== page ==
By BRUCE DENNILL
Florence / Directed by Greg Homann / Barney Simon Theatre, Market Theatre, Newtown, Johannesburg 8.5
Superficially, Florence is a one-woman play examining the life and legacy of Florence Phillips, the apparently unstoppable arts patron, philanthropist and wife of mining magnate Sir Lionel Phillips. Playwright Myer Taub’s script celebrates her many achievements, but also reveals the many trials she faced – on account of her gender, her class, her marriage and more – in trying to realise her goals.
Extra layers are added by structuring the piece as a sort of melded conversation between the narratives of Phillips herself (unfolding in the late Ninteenth and early Twentieth centuries) and a modern-day actress charged with embodying all that Phillips had been and stood for (both played by Leila Henriques). To begin with, those parallel stories are relatively difficult to discern. But as it becomes apparent that there are two characters rather than the one suggested by the title, the mechanism becomes a subtly powerful way of underlining Phillips’ accomplishments and her wide perspective relative to the flighty, insecure actress; and a means of including unexpectedly hilarious lines and asides; and a technique to tie observations (about Johannesburg, South Africa, politics and art) made in three different centuries together.
The set, designed by Richard Forbes, is a stark, unique work of wonder, a rising spiral of palisade fencing that is a constant metaphor for the obstacles that Phillips (and the actress) find placed in their way, as well as a physical representation of actual boundaries, such as the security apparatus erected around her beloved Johannesburg Art Gallery to prevent theft – a precaution that should not be necessary if the respect for art that Phillips felt was shared by everyone.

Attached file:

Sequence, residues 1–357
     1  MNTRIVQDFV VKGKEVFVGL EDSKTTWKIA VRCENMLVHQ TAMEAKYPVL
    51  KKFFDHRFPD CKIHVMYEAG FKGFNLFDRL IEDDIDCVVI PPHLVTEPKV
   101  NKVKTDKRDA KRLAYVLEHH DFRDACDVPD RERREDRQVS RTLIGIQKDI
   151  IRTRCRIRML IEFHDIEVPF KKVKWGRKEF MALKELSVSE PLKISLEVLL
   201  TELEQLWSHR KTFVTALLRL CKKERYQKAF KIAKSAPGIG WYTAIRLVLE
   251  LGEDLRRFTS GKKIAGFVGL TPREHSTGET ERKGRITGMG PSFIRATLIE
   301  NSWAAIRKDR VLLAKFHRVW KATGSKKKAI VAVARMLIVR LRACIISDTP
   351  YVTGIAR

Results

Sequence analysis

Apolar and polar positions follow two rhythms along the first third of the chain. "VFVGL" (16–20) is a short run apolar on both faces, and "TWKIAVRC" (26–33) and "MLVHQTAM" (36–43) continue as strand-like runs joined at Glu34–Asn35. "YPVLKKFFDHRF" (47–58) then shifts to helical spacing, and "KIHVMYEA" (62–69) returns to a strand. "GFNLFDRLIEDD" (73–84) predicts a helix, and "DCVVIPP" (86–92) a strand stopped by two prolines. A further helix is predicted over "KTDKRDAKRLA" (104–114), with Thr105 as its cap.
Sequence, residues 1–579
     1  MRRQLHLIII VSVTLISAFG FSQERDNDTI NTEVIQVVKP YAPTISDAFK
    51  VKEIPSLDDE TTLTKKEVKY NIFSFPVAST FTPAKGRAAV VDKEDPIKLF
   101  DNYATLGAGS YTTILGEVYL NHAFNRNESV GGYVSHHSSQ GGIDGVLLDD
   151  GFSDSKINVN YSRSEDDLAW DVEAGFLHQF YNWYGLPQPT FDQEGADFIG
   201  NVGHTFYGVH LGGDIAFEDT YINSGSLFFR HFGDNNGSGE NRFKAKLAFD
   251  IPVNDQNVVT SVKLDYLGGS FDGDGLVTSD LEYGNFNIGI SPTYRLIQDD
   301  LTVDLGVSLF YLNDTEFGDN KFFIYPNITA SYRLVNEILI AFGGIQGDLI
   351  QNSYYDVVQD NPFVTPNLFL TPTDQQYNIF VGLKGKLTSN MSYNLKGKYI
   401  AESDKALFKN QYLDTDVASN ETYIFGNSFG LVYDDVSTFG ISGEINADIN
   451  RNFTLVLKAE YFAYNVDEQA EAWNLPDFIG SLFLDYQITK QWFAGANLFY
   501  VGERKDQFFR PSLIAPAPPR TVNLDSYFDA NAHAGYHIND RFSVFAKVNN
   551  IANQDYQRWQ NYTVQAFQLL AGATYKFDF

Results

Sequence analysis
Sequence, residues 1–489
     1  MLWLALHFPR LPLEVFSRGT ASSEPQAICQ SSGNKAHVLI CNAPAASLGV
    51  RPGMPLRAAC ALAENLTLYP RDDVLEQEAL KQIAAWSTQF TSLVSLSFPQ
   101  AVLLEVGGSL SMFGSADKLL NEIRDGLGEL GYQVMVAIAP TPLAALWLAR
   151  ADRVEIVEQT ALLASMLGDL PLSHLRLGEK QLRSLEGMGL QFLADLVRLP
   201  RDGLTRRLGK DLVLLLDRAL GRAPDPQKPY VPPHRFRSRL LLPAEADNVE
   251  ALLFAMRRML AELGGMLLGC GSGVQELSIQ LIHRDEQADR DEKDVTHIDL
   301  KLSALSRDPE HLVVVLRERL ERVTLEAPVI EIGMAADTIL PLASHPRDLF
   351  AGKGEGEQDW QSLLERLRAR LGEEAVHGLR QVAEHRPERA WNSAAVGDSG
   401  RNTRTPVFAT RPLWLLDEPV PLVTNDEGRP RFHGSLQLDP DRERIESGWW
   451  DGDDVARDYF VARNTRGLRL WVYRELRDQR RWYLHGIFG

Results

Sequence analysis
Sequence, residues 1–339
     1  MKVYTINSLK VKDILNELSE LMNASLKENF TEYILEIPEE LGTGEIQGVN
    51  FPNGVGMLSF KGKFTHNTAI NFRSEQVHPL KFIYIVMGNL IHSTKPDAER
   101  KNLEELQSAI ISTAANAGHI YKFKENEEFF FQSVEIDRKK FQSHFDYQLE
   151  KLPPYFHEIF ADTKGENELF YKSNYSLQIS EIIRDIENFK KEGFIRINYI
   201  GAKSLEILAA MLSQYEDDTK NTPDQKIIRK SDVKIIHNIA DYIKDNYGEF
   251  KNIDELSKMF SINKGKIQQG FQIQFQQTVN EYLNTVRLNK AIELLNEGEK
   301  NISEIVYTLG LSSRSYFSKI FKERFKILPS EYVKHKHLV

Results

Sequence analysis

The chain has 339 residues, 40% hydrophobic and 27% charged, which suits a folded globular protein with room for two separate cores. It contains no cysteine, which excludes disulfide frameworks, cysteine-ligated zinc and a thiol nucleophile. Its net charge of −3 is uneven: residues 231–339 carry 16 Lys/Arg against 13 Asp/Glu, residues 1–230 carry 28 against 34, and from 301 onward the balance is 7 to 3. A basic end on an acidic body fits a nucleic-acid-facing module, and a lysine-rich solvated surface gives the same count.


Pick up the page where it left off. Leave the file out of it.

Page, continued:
The fence also forms a broken barrier between Henriques and her audience, and partially obscured views are reasons, in most theatres, to dock ticket prices! But it’s another brave move that pays off here, complementing the fragmented nature of the story, adding to the inherent twitchiness that Phillips exudes and also providing a striking frame for Henriques’ face when the script calls for her to lean forward through the fence, her face brightly lit, to underline a point.
Leila Henriques is astonishing in her dual roles. Superficially, the fluidity with which she delivers her abundant lines is noteworthy enough. But it is in the details – the unique phrasing of a particular kind of line by one or the other character; or the small, barely noticeable tics she exhibits during the lead-up to the recollection of a memory, as though the character were marshalling her gathering thoughts before speaking – the she truly excels. It is possible to imagine that, were her performance filmed and then muted, the audience would still understand, and feel, the emotional arc of the play.
Phillips had an unbreakable, influential bond with the Johannesburg of her era. The actress being asked to play her is a tightly wound product of the modern city, and perhaps of its ingrained cynicism. Market Theatre audience will understand both that connection and that scepticism, making it easier for the piece’s parallel themes (separately and in tandem) to affect their response. There are moments of hilarity and of profundity, and the play as a whole is as poetic as it is dramatic. It is original, and superbly made in all respects (the lighting is superb, and there are clever, unexpected prop interactions). A triumph.